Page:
However, due to its highly volatile and hydrophobic nature, CH3SeH cannot be directly administered to cells, but can be generated endogenously, for example following intracellular reduction of dimethyldiselenide (DMDSe) or methylseleninic acid (MSA) by the redox active tripeptide, glutathione, and conceivably by a variety of protein-sulfhydryl moieties (Spallholz et al. 2001). In fact, MSA has been shown to cause redox changes with proteins and to have antiproliferative effects through induction of inhibitors of cyclin-dependent kinases (Jiang et al. 2002; Gasparian et al. 2002; Venkateswaran et al. 2002). For example, brief exposure of an osteoblast cell line (MC3T3-E1) to MSA decreases the production of inflammatory gene products normally regulated by the redox-sensitive transcription factor, nuclear factor-kappa B (NF-κB). Osteoblasts, when subjected to conditioned media from MDA-MB-231 breast cancer cells, respond by producing inflammatory factors such as interleukin-6, monocyte chemoattractant protein-1, cyclooxygenase-2 and inducible nitric oxide synthase, which, in turn, stimulate osteoclast-induced bone erosion. Chen et al. (2009) showed that this response of osteoblasts was abrogated following treatment with MSA. Presumably, redox-sensitive switching mechanisms are involved following interactions of MSA with sulfhydryl domains on either the ikB-NF-κB protein complex or the upstream iKKα,β,γ inhibitory domains. MSA has also been shown to down regulate expression of hypoxia-inducible factor-1α (a redox-sensitive protein), DNA-binding activity and its downstream targets, VEGF and GLUT1 in hormone refractory prostate cancer cells (Sinha et al. 2009). Thus, mechanisms that govern the interactions of CH3SeH and MSA with sulfur domains on redox-sensitive signal proteins need to be further elucidated. It is unknown whether the chemopreventive efficacies of CH3SeH and MSA are manifested directly by their presence in the cell or through the process by which they become oxidized and reduced, respectively.
Although not directly quantifiable, CH3SeH has been indirectly determined in urine as dimethylselenide and, following methylation, as trimethylselenonium. Unfortunately, these two metabolites of CH3SeH are not useful dietary markers of selenium consumption or following use of micromolar amounts of MSA as they cannot be determined simultaneously under physiological intakes of organoselenium compounds, but only after consumption of toxic to subtoxic doses (Ohta et al. 2009). Thus, the ability to monitor transformation, function and efficacy of organoselenium using metabolites of CH3SeH under physiological conditions is currently unfeasible.
Not only can CH3SeH be generated in vivo from the currently aforementioned synthetic derivatives, DMDSe and MSA, but it can also be generated from MSC and SM. These seleno-amino acids can be converted to CH3SeH by pyridoxal 5′-phosphate (PLP)-dependent γ-lyases (Eq. 1) and β-lyases (Eq. 2) acting on SM and MSC, respectively. For example, Zeng et al. (2009) used L-methionine γ-lyase from Brevibacterium linens BL2 to generate CH3SeH from SM. Exposure of HT1080 tumor cells in situ to this enzyme-generated CH3SeH within the culture medium inhibited cell migration and invasion (Zeng et al. 2009).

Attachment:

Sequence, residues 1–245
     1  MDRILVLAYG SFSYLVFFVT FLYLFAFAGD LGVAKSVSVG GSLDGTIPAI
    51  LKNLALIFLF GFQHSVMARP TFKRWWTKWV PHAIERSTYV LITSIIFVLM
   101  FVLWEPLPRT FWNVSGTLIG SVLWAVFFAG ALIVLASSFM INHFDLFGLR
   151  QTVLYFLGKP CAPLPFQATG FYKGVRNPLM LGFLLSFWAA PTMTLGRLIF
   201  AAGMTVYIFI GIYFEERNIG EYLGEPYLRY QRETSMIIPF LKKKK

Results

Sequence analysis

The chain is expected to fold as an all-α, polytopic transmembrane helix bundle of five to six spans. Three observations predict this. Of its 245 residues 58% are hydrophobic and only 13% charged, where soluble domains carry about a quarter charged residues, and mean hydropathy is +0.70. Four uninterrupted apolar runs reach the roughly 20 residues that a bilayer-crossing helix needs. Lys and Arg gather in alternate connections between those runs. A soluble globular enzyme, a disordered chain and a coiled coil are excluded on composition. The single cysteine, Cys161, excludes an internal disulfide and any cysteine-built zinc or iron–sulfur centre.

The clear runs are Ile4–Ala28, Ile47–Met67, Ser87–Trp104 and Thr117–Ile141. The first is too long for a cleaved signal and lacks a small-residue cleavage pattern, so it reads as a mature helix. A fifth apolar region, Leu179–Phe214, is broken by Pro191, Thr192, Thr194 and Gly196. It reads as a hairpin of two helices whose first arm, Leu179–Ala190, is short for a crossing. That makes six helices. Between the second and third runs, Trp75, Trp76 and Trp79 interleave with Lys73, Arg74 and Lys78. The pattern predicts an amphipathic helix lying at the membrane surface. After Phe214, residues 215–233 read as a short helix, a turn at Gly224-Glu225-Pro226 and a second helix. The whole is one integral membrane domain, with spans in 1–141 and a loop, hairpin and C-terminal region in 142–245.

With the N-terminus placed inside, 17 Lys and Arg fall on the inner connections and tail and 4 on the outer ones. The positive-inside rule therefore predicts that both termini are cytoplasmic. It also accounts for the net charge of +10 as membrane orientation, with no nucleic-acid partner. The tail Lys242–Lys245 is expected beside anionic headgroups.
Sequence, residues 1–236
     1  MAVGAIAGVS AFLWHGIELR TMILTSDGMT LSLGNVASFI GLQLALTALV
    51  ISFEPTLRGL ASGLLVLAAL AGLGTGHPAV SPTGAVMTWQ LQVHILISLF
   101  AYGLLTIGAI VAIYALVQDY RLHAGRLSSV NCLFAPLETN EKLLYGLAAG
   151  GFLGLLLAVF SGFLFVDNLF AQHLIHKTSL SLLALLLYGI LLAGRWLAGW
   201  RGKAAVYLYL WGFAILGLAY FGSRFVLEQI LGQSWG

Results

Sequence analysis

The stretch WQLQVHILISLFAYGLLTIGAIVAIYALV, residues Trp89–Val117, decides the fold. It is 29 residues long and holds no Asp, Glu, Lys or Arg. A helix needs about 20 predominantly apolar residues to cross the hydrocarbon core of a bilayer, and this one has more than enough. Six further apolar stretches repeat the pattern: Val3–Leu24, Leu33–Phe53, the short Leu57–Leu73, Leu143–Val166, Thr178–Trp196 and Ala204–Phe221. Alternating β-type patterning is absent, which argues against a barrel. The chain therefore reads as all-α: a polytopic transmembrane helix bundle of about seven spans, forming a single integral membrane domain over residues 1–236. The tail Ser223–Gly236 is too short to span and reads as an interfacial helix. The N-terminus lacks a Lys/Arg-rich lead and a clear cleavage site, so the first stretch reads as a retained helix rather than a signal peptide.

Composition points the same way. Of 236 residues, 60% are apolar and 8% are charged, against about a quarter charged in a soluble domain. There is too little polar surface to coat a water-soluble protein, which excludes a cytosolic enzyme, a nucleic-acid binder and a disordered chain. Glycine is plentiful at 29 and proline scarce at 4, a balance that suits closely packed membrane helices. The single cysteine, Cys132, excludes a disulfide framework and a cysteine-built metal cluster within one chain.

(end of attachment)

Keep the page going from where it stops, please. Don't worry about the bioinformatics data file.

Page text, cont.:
A γ-lyase that has been shown to catalyze a γ-elimination reaction with SM is mouse liver cystathionine γ-lyase (γ-cystathionase) (Okuno et al. 2005). The net products are α-ketobutyrate [CH3CH2C(O)CO2−], ammonia and CH3SeH (Eq. 1). However, the specific activity of the purified enzyme toward SM is, at best, limited, exhibiting reactivity less than 1% that observed with the natural substrate, cystathionine (Okuno et al. 2005). Cystathionine γ-lyase is very active (when assayed with homoserine or with its natural substrate cystathionine) in rodent liver cytosol and to a lesser extent in kidney cytosol. It is absent, or of very low specific activity, in other organs/tissues.
It has long been known that, with an appropriate substrate, cystathionine γ-lyase can catalyze β-elimination reactions in addition to γ-lyase reactions (Cavallini et al. 1960). For example, the enzyme can catalyze β-elimination reactions involving cysteine and cystine (Cavallini et al. 1960). We have now found that MSC is an excellent β-lyase substrate of highly purified rat liver cystathionine γ-lyase (Krasnikov, Cooper, Pinto, unpublished data). In fact, the enzyme catalyzed a β-elimination reaction with 10 mM MSC at approximately the same rate as it catalyzes a γ-elimination from 10 mM cystathionine (Krasnikov, Cooper, Pinto, unpublished data). Interestingly, the enzyme is incapable of catalyzing a β-lyase reaction with S-methyl-L-cysteine (Cooper and Pinto 2005). The ability of cystathionine γ-lyase to cleave the C–Se bond of MSC but not the C–S bond of S-methyl-L-cysteine is due to the greater leaving group propensity of the –SeCH3 moiety relative to that of the –SCH3 group (see the discussion below).
Glutamine transaminase K is widely expressed in rat tissues. In the rat, the highest specific activity is in kidney, but appreciable activity is also present in liver and, to a lesser extent, in other organs (Cooper 1988; Cooper and Meister 1981). The rat kidney enzyme has broad specificity (as an aminotransferase) toward glutamine, methionine (and other sulfur-containing amino acids), aromatic amino acids, and the α-keto acid analogs of most amino acid substrates (Cooper 1998; Cooper and Meister 1981; Cooper and Anders 1990; Commandeur et al. 2000).